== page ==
EDP Sciences
Free Access
Issue
A&A
Volume 559, November 2013
Article Number A132
Number of page(s) 14
Section Catalogs and data
DOI https://doi.org/10.1051/0004-6361/201321505
Published online 27 November 2013

© ESO, 2013

1. Introduction

Galaxies in the redshift range z = 1–2 show significantly more violent activity than their counterparts today. Much of their energy is frequently absorbed by dust and is re-radiated at longer infrared wavelengths, which makes these galaxies luminous in the infrared band. Le Floc’h et al. (2005) have shown that luminous infrared galaxies (LIRGs; Lir > 1011  L) play a major role in galaxy evolution at z ~ 1, and Pérez-González et al. (2005) also showed that LIRGs dominate the cosmic infrared-luminosity density at z ~ 1–3. Consequently, the nature of LIRGs is a key objective for advancing our understanding of galaxy evolution. LIRGs are thought to have two main features: they are actively star forming (SF) and host an active galactic nucleus (AGN). Therefore, understanding these features is an important current focus in astrophysics. Although the Spitzer Space Telescope (Werner et al. 2004) is capable of investigating these activities to high sensitivity and spatial resolution, its two main imaging instruments, IRAC (Fazio et al. 2004) and MIPS (Rieke et al. 2004), do not cover the wavelength between 8 to 24 μm. Hence they cannot detect the redshifted dust features from galaxies in the critical z = 0.5–1.5 range, such as the emission from polycyclic aromatic hydrocarbon (PAH) feature at 7.7 μm or absorption by silicate dust at 9.7 μm, which are both important diagnostics for SF and AGN activity.

Table 1

Summary of the IRC properties.

In contrast, the Japanese infrared satellite AKARI provides continuous wavelength coverage over the range from 2 to 24 μm in nine overlapping photometric bands, making a deep survey in the direction of the north ecliptic pole (NEP-deep; Matsuhara et al. 2006) using all nine filters. The catalogue from this survey has been created by Wada et al. (2008) and Takagi et al. (2012). The former created single-band catalogues for all nine bands, while the latter created a mid-infrared (MIR) based band-merged catalogue. In their work, ~20 000 objects were detected in the near-infrared (NIR) bands, while 7300 objects were detected in the MIR bands. Using these catalogues, Takagi et al. (2010)1 found LIRGs with unusually bright emission from PAH, and Goto et al. (2010) evaluated the luminosity function without associated uncertainties from the K-correction.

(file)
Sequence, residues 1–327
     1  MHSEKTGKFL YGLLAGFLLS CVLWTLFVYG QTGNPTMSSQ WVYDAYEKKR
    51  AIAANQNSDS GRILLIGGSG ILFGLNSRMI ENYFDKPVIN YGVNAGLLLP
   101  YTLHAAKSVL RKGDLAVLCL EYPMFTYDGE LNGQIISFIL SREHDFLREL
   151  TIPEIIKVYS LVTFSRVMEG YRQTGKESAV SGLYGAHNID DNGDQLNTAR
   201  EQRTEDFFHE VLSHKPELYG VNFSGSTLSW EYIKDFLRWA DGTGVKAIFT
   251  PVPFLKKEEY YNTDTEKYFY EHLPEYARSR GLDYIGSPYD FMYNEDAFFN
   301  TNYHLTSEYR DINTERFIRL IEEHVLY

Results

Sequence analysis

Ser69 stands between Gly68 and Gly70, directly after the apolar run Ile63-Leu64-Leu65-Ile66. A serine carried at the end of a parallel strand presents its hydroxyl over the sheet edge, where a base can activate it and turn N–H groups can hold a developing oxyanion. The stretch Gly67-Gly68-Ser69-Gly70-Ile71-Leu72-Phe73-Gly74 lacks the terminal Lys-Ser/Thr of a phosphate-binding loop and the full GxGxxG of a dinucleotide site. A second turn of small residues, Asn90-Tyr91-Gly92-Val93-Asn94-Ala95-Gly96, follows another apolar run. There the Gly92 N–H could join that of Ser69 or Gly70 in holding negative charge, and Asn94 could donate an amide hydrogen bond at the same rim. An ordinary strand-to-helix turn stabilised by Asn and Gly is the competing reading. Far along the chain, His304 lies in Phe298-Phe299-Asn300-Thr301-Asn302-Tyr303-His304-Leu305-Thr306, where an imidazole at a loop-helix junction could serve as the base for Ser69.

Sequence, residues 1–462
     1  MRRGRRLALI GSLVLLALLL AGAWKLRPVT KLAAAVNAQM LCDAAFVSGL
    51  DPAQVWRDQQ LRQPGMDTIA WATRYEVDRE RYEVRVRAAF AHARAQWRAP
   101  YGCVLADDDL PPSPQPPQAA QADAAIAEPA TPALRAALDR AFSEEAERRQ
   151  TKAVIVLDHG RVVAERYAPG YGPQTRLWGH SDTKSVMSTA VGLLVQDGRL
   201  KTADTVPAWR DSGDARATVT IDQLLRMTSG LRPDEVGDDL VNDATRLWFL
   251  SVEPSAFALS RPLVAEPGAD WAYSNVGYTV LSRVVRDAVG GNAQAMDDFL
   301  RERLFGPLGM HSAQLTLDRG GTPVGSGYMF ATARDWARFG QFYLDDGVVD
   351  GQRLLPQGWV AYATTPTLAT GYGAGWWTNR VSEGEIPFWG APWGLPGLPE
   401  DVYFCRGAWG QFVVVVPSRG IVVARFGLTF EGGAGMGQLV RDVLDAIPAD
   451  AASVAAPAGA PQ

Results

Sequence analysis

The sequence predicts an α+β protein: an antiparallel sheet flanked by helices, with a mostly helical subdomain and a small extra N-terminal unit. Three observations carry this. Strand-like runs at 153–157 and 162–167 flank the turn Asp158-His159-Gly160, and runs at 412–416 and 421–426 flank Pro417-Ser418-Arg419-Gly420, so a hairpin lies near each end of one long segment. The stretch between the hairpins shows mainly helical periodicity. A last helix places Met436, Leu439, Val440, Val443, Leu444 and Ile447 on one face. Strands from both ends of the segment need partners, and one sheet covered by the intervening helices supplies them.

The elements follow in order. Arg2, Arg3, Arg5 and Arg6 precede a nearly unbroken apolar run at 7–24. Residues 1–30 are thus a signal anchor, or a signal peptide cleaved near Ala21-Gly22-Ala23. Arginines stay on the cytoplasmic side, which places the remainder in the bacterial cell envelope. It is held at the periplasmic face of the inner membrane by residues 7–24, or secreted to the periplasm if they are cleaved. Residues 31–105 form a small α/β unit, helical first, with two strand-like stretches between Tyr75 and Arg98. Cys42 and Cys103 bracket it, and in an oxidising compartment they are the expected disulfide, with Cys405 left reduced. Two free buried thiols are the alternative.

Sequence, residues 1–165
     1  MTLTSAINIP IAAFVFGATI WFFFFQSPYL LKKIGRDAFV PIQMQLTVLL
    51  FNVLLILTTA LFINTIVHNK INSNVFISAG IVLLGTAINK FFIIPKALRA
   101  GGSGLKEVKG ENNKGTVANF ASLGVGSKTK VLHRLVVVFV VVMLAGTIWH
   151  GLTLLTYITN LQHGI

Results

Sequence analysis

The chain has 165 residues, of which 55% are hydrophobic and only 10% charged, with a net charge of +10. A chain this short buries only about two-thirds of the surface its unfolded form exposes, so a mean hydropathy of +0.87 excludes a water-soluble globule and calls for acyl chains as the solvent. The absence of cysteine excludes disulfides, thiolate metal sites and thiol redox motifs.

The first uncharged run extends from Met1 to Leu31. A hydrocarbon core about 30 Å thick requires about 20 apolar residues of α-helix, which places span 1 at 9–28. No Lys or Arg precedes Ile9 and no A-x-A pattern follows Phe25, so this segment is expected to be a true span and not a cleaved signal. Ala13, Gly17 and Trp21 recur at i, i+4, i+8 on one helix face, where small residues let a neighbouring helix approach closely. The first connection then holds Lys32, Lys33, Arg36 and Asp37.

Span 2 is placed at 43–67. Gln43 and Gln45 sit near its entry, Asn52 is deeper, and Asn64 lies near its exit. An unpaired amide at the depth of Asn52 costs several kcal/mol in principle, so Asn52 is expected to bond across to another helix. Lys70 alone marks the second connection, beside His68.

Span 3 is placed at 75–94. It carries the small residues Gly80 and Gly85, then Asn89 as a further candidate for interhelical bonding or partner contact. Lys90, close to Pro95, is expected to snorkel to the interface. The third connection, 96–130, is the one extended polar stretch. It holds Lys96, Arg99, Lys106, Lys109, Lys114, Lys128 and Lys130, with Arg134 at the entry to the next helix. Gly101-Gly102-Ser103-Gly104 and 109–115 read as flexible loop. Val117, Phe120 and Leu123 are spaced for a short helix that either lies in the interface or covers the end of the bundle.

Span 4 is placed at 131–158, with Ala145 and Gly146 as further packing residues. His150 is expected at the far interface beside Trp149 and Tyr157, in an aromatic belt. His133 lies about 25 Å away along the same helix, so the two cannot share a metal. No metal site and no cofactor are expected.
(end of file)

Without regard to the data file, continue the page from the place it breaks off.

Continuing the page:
However, the original catalogue leaves room for improvement, especially in the image analysis stage, because most of the images are contaminated by scattered light from inside the detector, stray light from the Earth limb, artificial sources due to bright objects, and patterns from the optical system. The flat-fielding of the 15, 18, and 24 μm images also overcorrected the flux of a point source at the edge of the field of view by ~10% (Arimatsu et al. 2011). By solving these problems, we can improve the catalogue both in the detection limit and in the reliability of the source extraction.

In this paper we devise new image analysis methods and present a new catalogue for the AKARI NEP-deep survey. This paper is organised as follows: In Sect. 2 the NEP survey itself is briefly summarised. In Sect. 3 data reduction using our new methods is described. In Sects. 4.1 and 4.2 source extraction and photometry are described. In Sects. 4.3 to 4.5, the completeness, the reliability and the astrometric accuracy in the catalogue are evaluated. In Sect. 4.6 optical counterparts are identified. In Sect. 4.7 the catalogue is compared with previous versions. In Sect. 4.8 a basic description of the catalogue contents is given. We summarise our work in Sect. 5.

2. NEP survey

The NEP-deep survey covers a ~0.5 deg2 circular area located at (RA = 17h56m,Dec = 66°37′) just offset from the ecliptic pole. The survey was carried out using all nine photometric bands of the Infrared Camera (IRC; Onaka et al. 2007) on board the AKARI satellite (Murakami et al. 2007). Each single band observed 0.6 deg2 area, while the area observed with all nine bands was 0.5 deg2. The IRC has three channels, NIR, MIR-S, and MIR-L, which work simultaneously with fields of view (FoV) of 10′ × 10′. While NIR and MIR-S share the same FoV using a beam splitter, MIR-L has a FoV separated by 20′ from that of NIR/MIR-S. The pixel scales of NIR, MIR-S, and MIR-L are 1.46 × 1.46, 2.34 × 2.34, and 2.51 × 2.39 arcsec, respectively. Each channel is equipped with three filters: N2, N3, and N4 in NIR, S7, S9W, and S11 in MIR-S, and L15, L18W, and L24 in MIR-L with the numerals corresponding to the reference wavelength of each filter. The “W” indicates that the filter coverage is wide; S9W covers most of the wavelength range of S7 and S11, while L18W covers most of the wavelength range of L15 and L24. The properties of the IRC are summarised in Table 1.